Small Black - Limits Of Desire

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Small Black’s lush Limits of Desire proves there’s more to the Brooklyn band than the limiting chillwave genre would suggest. Much as chums and genre-mates Washed Out and Toro y Moi did with their sophomore albums, Limits of Desire finds them significantly upping the ante, coming across like vintage U2 after taking muscle relaxers on opener “Free at Dawn,” with all of the epic melodicism and none of the melodrama that that implies. “Canoe” is brilliantly catchy with a high cooed melody and battling synths, bearing some resemblance to M83 but, you know, chilled out. “No Stranger” introduces a light dance beat, pushing the vocals further toward the front of the mix and giving Small Black one of their best singles yet. The reason it works is that while a song like “Sophie” might be your perfect poolside jam for the summer, it doesn’t aim to be just that. Particularly in the way “Sophie’s” romantic sophistication dissolves into whispered nothings that lead into the danceable “Breathless,” Small Black have a knack for elegant pacing and delivering the jams, while making it all sound effortless. Limits of Love is putting in an early bid for the perfect summery pop album of 2013.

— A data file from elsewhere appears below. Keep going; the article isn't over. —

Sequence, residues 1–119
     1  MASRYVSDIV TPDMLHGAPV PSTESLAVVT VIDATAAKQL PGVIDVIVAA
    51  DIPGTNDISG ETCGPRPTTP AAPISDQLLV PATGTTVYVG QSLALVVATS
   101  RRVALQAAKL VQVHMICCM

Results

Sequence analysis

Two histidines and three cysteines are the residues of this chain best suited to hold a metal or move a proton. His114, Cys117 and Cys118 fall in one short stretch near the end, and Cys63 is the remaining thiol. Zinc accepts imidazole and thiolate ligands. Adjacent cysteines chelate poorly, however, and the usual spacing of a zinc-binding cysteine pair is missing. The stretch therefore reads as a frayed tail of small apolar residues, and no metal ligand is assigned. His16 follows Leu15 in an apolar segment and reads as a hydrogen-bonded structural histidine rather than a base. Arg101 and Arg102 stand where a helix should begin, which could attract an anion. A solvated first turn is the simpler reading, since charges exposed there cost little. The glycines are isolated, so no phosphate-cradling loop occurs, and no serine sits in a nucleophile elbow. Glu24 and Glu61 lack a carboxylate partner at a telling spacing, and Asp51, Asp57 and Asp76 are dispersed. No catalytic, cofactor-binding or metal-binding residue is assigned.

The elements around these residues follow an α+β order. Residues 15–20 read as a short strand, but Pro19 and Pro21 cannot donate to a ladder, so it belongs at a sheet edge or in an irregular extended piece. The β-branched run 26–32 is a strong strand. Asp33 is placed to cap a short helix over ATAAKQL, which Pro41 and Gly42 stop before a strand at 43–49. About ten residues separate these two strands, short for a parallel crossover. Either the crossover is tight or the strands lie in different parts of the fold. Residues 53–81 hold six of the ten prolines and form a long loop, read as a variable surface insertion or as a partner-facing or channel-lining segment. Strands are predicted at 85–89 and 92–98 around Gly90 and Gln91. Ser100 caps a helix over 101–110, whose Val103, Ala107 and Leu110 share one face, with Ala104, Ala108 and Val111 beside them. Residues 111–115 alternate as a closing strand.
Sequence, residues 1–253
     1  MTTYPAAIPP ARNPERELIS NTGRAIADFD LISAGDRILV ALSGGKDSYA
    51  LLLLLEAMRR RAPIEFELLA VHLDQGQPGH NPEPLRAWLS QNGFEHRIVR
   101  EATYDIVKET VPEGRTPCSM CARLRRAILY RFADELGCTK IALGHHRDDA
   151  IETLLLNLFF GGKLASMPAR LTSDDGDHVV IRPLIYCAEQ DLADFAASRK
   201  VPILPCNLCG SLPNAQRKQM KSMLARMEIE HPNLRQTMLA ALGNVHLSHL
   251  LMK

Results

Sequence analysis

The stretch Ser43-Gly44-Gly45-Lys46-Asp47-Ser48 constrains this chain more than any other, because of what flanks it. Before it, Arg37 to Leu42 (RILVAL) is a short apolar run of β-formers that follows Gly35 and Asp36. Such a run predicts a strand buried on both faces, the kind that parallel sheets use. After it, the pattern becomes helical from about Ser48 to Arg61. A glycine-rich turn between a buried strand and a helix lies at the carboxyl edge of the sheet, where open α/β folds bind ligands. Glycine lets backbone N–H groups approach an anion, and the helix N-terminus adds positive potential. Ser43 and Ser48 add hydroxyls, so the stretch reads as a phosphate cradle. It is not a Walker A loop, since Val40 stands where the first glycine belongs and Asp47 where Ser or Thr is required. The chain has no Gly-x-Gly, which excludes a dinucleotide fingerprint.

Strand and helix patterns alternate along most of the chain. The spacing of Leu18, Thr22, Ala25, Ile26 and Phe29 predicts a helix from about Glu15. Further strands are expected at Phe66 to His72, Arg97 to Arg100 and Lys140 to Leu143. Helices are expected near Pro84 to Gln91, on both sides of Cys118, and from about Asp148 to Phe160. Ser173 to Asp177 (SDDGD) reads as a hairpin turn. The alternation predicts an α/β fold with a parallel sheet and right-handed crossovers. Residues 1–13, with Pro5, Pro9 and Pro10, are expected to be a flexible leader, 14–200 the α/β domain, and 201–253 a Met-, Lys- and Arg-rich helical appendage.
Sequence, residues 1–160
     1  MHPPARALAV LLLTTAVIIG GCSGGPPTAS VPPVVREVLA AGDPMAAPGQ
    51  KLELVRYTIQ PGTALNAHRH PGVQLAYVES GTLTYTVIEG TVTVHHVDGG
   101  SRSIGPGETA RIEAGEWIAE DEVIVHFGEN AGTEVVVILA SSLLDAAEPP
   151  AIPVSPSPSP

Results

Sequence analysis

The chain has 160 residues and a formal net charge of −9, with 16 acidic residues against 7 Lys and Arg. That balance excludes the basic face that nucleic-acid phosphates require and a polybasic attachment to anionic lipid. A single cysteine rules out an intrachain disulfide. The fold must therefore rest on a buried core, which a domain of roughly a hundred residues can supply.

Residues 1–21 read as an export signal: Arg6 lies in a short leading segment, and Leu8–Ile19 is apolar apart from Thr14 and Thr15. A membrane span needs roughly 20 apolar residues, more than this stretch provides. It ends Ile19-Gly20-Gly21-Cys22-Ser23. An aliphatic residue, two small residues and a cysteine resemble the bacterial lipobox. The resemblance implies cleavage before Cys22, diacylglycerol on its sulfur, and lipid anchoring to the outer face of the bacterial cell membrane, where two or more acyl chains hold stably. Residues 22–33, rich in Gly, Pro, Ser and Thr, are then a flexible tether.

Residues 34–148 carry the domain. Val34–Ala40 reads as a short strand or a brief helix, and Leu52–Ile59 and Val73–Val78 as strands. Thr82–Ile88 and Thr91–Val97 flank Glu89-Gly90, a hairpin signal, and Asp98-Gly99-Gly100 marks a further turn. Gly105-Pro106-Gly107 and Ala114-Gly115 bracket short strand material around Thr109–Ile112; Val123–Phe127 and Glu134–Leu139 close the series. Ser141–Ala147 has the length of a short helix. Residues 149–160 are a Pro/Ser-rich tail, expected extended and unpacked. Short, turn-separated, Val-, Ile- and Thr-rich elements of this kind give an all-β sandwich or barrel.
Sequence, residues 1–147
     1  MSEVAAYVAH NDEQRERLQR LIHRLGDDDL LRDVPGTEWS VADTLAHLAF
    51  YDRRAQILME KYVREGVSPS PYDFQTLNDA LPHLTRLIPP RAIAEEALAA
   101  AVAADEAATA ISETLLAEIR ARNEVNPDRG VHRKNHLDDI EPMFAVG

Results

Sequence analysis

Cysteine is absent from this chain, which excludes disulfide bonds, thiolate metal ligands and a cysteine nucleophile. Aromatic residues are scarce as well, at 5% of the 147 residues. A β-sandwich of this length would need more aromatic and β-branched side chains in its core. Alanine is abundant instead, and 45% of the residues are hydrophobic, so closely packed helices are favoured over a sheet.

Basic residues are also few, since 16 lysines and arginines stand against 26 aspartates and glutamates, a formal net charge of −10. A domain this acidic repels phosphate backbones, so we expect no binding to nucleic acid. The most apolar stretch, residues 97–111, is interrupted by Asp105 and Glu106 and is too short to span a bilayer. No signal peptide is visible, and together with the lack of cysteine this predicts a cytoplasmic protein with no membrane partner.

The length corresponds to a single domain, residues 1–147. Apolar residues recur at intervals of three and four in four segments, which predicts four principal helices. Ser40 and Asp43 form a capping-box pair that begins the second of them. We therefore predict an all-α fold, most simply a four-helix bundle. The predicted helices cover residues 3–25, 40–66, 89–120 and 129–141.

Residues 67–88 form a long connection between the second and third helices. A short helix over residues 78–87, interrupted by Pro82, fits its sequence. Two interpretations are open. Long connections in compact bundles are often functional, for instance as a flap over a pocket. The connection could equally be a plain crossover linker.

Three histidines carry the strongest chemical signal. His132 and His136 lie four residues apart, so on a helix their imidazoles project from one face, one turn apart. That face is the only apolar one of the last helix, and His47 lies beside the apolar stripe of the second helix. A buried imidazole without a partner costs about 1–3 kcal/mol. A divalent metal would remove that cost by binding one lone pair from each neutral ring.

EluviumNightmare Ending